Smallest nanotube jet engine
Samuel Sanchez, Samuel Sanchez
0.00022 millimetre(s)
Germany (Stuttgart)

The smallest jet engine is 220 nm (0.0000086614 in), achieved by Samuel Sanchez (Spain) and Xing Ma (China), demostrated in Max-Planck Institute for Intelligent Systems Institution, Stuttgart, Baden-Württemberg, Germany, on 9 October 2016.

The 'engine' is actually a nanotube, powered by an enzyme-triggered biocatalytic reaction using urea as fuel. The reaction creates an internal flow that extends out into the fluid, causing an open cavity to form. This results in thrust, propelling the nanotube along.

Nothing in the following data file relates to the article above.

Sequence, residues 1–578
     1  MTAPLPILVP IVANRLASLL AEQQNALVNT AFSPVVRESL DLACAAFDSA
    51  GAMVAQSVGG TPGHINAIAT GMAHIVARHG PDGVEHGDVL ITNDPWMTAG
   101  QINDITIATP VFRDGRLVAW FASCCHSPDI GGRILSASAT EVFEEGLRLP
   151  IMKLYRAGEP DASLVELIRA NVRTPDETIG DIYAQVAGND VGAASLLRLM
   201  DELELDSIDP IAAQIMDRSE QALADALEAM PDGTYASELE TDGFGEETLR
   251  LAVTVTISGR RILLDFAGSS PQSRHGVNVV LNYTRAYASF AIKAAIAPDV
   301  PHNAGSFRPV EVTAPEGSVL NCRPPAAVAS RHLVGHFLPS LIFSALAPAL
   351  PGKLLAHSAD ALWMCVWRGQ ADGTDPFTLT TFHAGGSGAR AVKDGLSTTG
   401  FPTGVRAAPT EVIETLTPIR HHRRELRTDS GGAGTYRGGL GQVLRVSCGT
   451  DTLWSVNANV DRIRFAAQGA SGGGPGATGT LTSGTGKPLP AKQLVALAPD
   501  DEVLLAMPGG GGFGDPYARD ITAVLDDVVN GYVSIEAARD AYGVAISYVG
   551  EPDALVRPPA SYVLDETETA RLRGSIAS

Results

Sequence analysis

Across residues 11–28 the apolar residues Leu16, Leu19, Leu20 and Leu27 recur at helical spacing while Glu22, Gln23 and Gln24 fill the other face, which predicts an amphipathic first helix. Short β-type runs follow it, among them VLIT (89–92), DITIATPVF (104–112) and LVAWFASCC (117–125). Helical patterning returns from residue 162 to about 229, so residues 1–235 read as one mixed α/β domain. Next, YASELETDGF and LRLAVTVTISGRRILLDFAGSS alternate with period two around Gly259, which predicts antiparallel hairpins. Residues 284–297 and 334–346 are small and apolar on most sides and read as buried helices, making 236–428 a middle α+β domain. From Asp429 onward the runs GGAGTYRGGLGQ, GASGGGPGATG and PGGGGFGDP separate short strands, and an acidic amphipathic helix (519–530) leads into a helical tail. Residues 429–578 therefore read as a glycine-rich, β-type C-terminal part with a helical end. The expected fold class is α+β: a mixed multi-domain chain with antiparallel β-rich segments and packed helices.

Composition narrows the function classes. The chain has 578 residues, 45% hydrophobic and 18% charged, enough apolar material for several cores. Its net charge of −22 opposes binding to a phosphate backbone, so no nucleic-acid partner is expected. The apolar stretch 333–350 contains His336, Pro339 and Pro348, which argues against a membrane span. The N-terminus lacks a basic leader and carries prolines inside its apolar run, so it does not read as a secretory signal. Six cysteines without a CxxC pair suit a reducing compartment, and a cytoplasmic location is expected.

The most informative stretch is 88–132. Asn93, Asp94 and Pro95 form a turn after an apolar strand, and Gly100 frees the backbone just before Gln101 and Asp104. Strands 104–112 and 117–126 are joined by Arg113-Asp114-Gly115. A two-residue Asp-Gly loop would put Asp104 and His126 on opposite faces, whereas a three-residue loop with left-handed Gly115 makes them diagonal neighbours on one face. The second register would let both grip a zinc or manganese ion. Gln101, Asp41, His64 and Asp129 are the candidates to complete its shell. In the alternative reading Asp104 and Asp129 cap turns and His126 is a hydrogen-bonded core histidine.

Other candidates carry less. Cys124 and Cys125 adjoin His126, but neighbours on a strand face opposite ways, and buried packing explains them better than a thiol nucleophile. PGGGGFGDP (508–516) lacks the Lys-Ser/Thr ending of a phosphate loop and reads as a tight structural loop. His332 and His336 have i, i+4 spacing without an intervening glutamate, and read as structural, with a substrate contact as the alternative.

Samuel Sanchez was one of the lead researchers from the previous record holders where their nanotube jet engine measured 600nm across and weighed 1 femtogram (10^-15 kg).

Xing Ma and Samuel Sanchez recognise Ana C. Hortelao (Spain) and Albert Miguel-López (Spain) contribution to the research as well as the support from their affiliated institutions:

  • Max-Planck Institute for Intelligent Systems Institution
  • School of Materials Science and Engineering, Harbin Institute of Technology Shenzhen Graduate School
  • Institut de Bioenginyeria de Catalunya (IBEC)
  • Institucio Catalana de Recerca i Estudis Avancats (ICREA)